Hutt at Heart
Keys in a door

Women’s Refuge clients face desperate struggle for housing

As Hutt City Women’s Refuge heads towards summer – its busiest time – how it will settle already traumatised women and their children into new homes is becoming an increasingly worrying prospect.

One of the refuge’s key roles is providing crisis accommodation and support for women and their children who are in imminent danger of domestic violence. Part of this work includes helping these families into safe long-term accommodation.

For the last two years, settling traumatised women and their children into new long-term accommodation has become increasingly difficult, Hutt City Women’s Refuge Safe House Coordinator Jo Bouchier says.

She lets out a deep sigh before telling how a migrant client and her child, running out of housing options, recently moved into Lower Hutt office block.

“So we have a (commercial) landlord taking advantage of a woman with little money, and she accepts the situation because of her fears over her visa status,” she says. “This accommodation is wholly unsuitable and our concern is for those like her who are forced to consider other make-shift accommodation.”

The refuge’s 22-bed safe house is contracted by Ministry of Social Development to provide crisis accommodation for women and their children for up to 23 days. Jo says the 23-day period is now just an aspiration. One client family has been at the safe house for more than three months.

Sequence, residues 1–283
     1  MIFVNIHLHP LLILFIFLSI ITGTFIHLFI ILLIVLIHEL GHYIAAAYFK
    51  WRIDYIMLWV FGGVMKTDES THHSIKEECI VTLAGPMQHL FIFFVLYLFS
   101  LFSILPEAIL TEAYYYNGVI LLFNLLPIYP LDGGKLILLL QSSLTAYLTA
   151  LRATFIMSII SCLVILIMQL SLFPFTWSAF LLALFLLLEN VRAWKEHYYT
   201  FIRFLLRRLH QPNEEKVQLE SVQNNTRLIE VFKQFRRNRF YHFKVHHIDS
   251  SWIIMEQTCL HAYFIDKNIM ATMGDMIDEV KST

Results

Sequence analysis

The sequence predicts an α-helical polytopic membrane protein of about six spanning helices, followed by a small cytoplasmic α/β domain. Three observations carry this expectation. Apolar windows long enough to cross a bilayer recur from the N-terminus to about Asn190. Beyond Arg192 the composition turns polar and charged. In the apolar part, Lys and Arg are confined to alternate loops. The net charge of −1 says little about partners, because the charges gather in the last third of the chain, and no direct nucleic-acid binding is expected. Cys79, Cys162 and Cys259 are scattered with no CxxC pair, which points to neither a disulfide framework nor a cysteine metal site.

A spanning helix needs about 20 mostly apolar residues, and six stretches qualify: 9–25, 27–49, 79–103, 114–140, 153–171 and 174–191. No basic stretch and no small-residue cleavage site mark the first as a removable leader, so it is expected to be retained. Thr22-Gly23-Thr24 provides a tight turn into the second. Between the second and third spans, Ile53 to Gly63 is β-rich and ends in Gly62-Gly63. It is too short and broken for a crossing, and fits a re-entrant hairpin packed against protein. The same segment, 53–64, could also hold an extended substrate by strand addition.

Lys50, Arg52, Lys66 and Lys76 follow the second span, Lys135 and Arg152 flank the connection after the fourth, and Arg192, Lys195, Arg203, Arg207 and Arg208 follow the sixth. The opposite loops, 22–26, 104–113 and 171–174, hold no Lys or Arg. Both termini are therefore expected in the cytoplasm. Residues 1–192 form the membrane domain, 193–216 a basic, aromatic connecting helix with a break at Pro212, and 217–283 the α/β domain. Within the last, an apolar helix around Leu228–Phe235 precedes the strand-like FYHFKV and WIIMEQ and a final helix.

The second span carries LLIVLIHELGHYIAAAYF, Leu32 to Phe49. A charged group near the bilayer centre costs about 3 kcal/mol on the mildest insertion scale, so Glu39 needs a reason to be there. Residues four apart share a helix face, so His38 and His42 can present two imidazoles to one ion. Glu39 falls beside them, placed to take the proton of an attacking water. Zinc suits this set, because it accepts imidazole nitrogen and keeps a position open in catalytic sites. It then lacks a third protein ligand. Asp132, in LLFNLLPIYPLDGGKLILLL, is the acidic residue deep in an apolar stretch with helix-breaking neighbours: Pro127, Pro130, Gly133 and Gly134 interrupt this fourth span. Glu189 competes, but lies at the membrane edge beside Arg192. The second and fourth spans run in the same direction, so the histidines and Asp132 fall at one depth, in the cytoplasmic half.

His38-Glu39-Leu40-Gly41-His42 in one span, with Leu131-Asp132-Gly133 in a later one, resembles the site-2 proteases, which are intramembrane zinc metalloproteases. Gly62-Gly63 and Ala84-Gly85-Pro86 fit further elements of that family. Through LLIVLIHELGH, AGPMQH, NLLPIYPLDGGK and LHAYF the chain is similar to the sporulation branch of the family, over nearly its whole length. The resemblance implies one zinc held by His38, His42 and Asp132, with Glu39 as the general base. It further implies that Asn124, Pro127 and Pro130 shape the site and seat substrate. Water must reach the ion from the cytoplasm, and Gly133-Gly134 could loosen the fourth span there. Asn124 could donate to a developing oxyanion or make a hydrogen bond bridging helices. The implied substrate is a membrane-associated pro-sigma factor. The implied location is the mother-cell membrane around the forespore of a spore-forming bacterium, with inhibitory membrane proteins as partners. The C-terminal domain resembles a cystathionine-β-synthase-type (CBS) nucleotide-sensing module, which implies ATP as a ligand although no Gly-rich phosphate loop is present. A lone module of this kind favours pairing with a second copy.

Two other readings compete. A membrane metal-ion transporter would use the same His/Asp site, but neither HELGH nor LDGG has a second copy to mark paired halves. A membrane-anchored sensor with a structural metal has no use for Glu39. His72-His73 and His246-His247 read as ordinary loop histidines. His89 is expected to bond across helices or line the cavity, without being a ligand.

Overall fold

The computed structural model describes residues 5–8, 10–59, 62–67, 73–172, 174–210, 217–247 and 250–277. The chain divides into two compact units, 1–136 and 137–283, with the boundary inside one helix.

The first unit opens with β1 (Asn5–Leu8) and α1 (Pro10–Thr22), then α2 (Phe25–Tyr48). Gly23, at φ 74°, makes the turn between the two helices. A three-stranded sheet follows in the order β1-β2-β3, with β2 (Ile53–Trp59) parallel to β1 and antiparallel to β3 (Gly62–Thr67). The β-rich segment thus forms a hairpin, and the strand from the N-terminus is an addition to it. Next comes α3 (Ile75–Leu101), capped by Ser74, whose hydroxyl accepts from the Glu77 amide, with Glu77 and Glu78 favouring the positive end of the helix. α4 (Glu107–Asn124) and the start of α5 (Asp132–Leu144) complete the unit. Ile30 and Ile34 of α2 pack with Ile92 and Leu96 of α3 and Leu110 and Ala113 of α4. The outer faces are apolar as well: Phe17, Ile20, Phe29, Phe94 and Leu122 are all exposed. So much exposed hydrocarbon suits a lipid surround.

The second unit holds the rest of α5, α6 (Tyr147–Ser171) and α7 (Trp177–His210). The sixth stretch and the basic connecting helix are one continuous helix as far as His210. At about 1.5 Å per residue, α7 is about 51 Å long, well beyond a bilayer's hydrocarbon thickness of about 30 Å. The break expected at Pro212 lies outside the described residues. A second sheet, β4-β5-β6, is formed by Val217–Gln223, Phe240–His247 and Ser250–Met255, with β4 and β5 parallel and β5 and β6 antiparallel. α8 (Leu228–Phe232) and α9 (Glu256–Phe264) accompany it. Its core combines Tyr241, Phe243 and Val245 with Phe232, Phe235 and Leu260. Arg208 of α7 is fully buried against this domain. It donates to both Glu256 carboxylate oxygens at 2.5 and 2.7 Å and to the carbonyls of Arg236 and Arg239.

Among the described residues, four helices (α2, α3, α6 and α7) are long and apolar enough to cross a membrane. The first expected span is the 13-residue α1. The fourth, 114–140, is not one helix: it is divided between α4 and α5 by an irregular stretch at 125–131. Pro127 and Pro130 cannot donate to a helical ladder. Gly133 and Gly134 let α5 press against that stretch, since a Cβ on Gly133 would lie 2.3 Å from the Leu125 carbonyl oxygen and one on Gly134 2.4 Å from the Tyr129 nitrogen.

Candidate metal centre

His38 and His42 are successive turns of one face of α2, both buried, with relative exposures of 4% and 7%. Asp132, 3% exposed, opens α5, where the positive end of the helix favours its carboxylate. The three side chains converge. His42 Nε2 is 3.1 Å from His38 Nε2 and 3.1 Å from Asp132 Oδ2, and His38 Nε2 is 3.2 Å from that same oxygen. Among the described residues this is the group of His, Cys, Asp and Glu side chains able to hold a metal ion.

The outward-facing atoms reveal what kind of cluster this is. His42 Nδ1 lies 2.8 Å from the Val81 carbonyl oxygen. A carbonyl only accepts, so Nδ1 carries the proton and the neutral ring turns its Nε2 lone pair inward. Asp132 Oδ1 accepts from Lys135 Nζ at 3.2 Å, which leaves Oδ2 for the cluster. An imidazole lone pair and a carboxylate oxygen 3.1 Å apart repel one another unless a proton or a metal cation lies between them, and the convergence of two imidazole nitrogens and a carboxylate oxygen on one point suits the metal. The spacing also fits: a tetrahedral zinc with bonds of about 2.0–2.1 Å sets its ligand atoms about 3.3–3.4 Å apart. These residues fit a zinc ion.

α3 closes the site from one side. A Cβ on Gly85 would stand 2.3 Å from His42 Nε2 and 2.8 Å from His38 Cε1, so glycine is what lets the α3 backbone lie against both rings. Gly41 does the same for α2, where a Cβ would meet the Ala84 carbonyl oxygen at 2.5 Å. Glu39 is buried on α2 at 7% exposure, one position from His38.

While women and children staying longer makes it harder to manage space at the safe house for new arrivals, there are other unwanted side-effects.

“A child coming to the refuge is traumatised. A new family arrives and they are in a distressed state and this can exacerbate the trauma of the children already here,” Jo says.

At the same time, the uncertainty of ever getting a long-term home adds to the emotional and psychological strain on already highly vulnerable families, she says.

Jo says strong competition for private rentals and rising rents is effectively excluding low-income mothers and their children from the private rental market.

As Lower Hutt’s population grows and Wellington residents increasingly compete for rental properties in Lower Hutt, rents are rising and landlords are becoming less inclined to rent to single mothers on low incomes. Private rents in the northern and eastern wards of the city rose more than 23 per cent in the past three years. In Wainuiomata, they increased 18 per cent for the same period.

Social housing options are also limited with the public housing waiting list in Lower Hutt jumping 85 per cent between June 2017 and June 2018. Most of those on the waiting list are in the highest category of housing need.

Analysis of the last census results showed single parents and their children were the largest group of homeless people.

Hutt City Council has researched the extent of homelessness in Lower Hutt and the services available to homeless people and families. In the coming weeks, Council will discuss a strategic approach to homelessness in Lower Hutt, and Council’s role in responding to the problem.

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